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Reconciliation at the heart of 2020 election: Stikine candidates

BC Election: Pipeline issue far from over

Indigenous issues in B.C. and the Stikine electoral district are important and complex. The historical treatment of Indigenous peoples has resulted in socioeconomic inequality, over-representation in the correctional system and other social and health impacts that reverberate through generations.

Very few treaties have been signed in B.C. and when the Province joined confederation it did not recognize Indigenous title. However, in 2019, B.C. enshrined the United Nations Declaration on the Rights of Indigenous Peoples (UNDRIP) in a step towards reconciliation.

But Indigenous rights and title is still far from a settled issue in the province and projects like the Coastal GasLink pipeline illustrate that there is still much to be resolved. The outcome of the 2020 provincial election will impact the course of reconciliation into the future.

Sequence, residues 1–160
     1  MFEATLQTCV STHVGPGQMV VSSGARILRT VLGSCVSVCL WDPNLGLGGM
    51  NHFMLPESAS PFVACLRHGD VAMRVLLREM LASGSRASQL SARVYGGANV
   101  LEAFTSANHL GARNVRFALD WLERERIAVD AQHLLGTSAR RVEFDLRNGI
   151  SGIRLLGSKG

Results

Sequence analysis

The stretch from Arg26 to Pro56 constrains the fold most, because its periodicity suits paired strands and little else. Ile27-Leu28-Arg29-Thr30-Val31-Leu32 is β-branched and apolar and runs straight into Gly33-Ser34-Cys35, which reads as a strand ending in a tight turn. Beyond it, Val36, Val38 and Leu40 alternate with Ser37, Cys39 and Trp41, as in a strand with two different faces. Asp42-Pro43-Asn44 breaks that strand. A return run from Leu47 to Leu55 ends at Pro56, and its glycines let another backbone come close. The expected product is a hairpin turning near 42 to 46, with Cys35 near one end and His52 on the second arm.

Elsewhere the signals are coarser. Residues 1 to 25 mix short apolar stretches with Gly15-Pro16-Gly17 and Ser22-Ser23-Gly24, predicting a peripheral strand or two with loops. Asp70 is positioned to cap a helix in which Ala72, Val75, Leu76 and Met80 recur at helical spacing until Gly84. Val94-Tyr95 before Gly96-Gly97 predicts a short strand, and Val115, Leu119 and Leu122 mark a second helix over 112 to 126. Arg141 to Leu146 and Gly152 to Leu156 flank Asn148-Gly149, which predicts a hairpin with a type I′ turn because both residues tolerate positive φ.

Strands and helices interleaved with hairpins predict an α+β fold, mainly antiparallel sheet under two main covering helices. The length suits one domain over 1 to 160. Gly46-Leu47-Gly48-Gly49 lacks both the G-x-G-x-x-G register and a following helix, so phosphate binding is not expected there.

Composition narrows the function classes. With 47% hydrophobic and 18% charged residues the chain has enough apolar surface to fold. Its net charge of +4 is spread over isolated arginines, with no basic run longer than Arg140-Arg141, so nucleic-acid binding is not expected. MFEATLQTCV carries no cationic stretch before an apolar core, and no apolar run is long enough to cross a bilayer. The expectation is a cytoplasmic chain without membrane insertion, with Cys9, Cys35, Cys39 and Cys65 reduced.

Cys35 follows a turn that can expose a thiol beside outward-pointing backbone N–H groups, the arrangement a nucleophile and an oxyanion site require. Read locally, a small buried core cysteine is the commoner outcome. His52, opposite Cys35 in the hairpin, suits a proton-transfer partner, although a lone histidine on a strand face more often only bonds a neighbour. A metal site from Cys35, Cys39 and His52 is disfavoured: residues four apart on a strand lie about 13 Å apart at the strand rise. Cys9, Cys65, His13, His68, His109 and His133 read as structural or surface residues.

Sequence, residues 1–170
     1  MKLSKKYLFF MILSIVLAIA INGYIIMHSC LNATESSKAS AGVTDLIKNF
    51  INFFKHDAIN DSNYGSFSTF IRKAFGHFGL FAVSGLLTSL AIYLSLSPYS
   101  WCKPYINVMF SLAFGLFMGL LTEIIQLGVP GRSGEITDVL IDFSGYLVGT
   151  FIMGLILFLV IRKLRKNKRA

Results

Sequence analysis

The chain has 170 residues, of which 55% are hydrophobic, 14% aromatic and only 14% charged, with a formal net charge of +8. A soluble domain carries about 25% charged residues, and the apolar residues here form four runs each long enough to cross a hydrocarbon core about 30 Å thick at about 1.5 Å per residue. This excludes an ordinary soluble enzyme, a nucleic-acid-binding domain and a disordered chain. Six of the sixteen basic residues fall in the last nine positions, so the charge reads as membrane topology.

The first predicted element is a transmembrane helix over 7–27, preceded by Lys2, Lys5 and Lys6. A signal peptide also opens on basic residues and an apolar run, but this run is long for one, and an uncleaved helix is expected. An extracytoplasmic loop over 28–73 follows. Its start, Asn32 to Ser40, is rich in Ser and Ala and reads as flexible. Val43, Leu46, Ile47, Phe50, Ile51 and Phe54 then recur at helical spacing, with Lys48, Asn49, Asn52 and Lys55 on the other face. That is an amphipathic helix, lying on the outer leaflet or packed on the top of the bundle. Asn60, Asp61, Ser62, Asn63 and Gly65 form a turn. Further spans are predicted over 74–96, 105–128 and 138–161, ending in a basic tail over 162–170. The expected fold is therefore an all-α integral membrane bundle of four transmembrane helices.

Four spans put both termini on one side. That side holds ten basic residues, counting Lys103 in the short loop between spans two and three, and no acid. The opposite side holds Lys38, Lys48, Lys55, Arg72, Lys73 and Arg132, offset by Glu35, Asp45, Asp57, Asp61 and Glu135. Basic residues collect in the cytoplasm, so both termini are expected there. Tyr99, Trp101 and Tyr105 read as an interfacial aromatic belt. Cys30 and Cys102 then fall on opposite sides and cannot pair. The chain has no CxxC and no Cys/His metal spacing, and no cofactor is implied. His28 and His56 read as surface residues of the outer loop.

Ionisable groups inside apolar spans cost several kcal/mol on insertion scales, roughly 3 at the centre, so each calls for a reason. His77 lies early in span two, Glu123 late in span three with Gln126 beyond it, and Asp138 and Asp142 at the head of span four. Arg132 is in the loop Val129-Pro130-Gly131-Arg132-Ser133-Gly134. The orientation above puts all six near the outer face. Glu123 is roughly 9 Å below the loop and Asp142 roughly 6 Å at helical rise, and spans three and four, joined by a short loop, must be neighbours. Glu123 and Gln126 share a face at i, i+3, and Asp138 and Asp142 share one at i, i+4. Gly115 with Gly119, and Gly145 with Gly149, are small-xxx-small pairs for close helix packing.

Christian Heritage Party of BC candidate Rod Taylor thinks that the wrongs of the past need to be acknowledged fully for meaningful reconciliation to take place.

“The first aspect of reconciliation must be a full and frank admission, confession, I guess, of what’s taken place in the past,” he said. “We can’t sugar coat that. There was mistreatment and disrespect shown. It’s a root that needs to be dealt with and hopefully it can be dealt with because it requires grace on all sides; it requires everyone to have a full grasp of history and we have to come together and say what are we going to do now as Canadians.”

Taylor points to the damage caused by policies and the generational impact of breaking the family, and that every effort needs to be made to keep children under the care of their parents.

“We can’t undo the things of the past, those are things that are part of history. It can’t be completely done away with, but we can acknowledge it and offer resolution of the errors of the past.”

Rural BC Party candidate Darcy Repen and Liberal candidate Gordon Sebastian both advocate education as a method to move forward with reconciliation.

“I think the key for me is in our region and throughout the province and throughout Canada, that we need to begin to acknowledge the fact that our foundational cultures in the places that we live are the Indigenous cultures,” Repen said.

“The problem I think is that while those foundational cultures have always been there the dominant culture has not been the Indigenous culture, it’s been the colonial English culture.”